Social Outsiders in Nazi Germany

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Robert Gellately, Nathan Stoltzfus
Princeton University Press, May 27, 2001 - History - 332 pages

When Hitler assumed power in 1933, he and other Nazis had firm ideas on what they called a racially pure "community of the people." They quickly took steps against those whom they wanted to isolate, deport, or destroy. In these essays informed by the latest research, leading scholars offer rich histories of the people branded as "social outsiders" in Nazi Germany: Communists, Jews, "Gypsies," foreign workers, prostitutes, criminals, homosexuals, and the homeless, unemployed, and chronically ill. Although many works have concentrated exclusively on the relationship between Jews and the Third Reich, this collection also includes often-overlooked victims of Nazism while reintegrating the Holocaust into its wider social context.


The Nazis knew what attitudes and values they shared with many other Germans, and most of their targets were individuals and groups long regarded as outsiders, nuisances, or "problem cases." The identification, the treatment, and even the pace of their persecution of political opponents and social outsiders illustrated that the Nazis attuned their law-and-order policies to German society, history, and traditions. Hitler's personal convictions, Nazi ideology, and what he deemed to be the wishes and hopes of many people, came together in deciding where it would be politically most advantageous to begin.


The first essay explores the political strategies used by the Third Reich to gain support for its ideologies and programs, and each following essay concentrates on one group of outsiders. Together the contributions debate the motivations behind the purges. For example, was the persecution of Jews the direct result of intense, widespread anti-Semitism, or was it part of a more encompassing and arbitrary persecution of "unwanted populations" that intensified with the war? The collection overall offers a nuanced portrayal of German citizens, showing that many supported the Third Reich while some tried to resist, and that the war radicalized social thinking on nearly everyone's part.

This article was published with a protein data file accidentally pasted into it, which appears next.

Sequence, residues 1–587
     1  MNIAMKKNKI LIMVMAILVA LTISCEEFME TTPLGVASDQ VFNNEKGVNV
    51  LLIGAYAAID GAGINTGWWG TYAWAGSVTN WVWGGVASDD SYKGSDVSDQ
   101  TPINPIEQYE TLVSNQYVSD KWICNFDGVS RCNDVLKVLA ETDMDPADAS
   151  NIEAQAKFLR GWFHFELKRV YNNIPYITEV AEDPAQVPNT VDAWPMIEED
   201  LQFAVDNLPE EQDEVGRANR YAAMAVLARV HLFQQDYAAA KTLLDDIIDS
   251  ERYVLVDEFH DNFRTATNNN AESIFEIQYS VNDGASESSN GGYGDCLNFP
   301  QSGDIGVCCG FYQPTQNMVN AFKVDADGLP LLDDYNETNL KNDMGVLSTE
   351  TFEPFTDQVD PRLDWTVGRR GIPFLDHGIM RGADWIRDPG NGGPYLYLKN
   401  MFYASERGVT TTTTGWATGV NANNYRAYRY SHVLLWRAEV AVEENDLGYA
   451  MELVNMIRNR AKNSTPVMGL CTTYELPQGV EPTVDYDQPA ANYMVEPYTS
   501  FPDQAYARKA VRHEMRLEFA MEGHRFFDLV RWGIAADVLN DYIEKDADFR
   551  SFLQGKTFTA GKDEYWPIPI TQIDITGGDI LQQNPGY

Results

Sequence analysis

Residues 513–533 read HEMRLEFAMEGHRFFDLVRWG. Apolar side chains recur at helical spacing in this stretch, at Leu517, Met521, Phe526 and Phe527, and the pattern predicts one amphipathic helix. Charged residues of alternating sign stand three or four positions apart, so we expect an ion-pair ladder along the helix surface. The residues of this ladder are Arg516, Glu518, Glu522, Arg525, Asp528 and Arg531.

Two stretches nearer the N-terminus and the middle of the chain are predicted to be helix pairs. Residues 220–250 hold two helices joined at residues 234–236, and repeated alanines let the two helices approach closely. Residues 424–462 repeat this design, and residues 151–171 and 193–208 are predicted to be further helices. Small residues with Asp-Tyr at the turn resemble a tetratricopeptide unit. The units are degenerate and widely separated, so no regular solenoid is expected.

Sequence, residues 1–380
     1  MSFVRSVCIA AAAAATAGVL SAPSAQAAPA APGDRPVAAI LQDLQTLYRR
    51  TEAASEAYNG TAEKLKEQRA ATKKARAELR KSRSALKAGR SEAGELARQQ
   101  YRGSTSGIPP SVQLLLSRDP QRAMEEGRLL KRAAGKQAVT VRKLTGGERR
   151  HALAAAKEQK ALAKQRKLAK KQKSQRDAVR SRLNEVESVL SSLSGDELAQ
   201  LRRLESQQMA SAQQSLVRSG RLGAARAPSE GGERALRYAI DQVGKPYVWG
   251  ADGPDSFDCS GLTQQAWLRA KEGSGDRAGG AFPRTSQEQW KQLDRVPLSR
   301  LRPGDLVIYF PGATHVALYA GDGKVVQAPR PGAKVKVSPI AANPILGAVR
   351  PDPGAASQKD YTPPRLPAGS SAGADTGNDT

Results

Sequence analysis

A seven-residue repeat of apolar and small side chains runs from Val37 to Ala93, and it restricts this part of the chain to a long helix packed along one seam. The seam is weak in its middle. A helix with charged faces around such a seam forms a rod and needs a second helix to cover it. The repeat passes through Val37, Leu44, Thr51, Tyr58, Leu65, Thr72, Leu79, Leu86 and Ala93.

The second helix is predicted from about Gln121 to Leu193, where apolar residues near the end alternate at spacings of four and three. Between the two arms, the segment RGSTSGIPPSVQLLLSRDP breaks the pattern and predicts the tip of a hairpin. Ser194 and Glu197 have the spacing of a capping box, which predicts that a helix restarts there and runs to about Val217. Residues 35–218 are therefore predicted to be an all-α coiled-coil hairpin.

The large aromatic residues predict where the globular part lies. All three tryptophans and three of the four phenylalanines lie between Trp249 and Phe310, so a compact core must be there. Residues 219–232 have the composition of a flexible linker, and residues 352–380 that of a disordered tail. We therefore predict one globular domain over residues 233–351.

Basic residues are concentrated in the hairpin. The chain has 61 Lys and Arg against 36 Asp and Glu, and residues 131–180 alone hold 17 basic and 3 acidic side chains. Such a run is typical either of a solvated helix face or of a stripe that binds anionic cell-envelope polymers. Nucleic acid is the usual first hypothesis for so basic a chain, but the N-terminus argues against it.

In addition to the editors, the contributors are Frank Bajohr, Omer Bartov, Doris L. Bergen, Richard J. Evans, Henry Friedlander, Geoffrey J. Giles, Marion A. Kaplan, Sybil H. Milton, Alan E. Steinweis, Annette F. Timm, and Nikolaus Wachsmann.

 

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Contents

Social Outsiders and the Construction of the Community of the People
3
Social Outsiders in German History From the Sixteenth Century to 1933
20
No Volksgenossen Jewish Entrepreneurs in the Third Reich
45
When the Ordinary Became Extraordinary German Jews Reacting to Nazi Persecution 19331939
66
The Nazi Purge of German Artistic and Cultural Life
99
The Limits of Policy Social Protection of Intermarried German Jews in Nazi Germany
117
The Exclusion and Murder of the Disabled
145
From Indefinite Confinement to Extermination Habitual Criminals in the Third Reich
165
Gypsies as Social Outsiders in Nazi Germany
212
The Institutionalization of Homosexual Panic in the Third Reich
233
Police Justice Popular Justice and Social Outsiders in Nazi Germany The Example of Polish Foreign Workers
256
Sex Blood and Vulnerability Women Outsiders in GermanOccupied Europe
273
Social Outcasts in War and Genocide A Comparative Perspective
294
List of Contributors
319
Index
321
Copyright

The Ambivalent Outsider Prostitution Promiscuity and VD Control in Nazi Berlin
192

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About the author (2001)

Robert Gellately holds the Strassler Family Chair for the Study of Holocaust History in the Center for Holocaust Studies at Clark University. His books include Backing Hitler: Consent and Coercion in Nazi Germany and The Gestapo and German Society: Enforcing Racial Policy, 1933-1945. Nathan Stoltzfus, Associate Professor in the Department of History at Florida State University, is the author of Resistance of the Heart: Intermarriage and the Rosenstrasse Protest in Nazi Germany.

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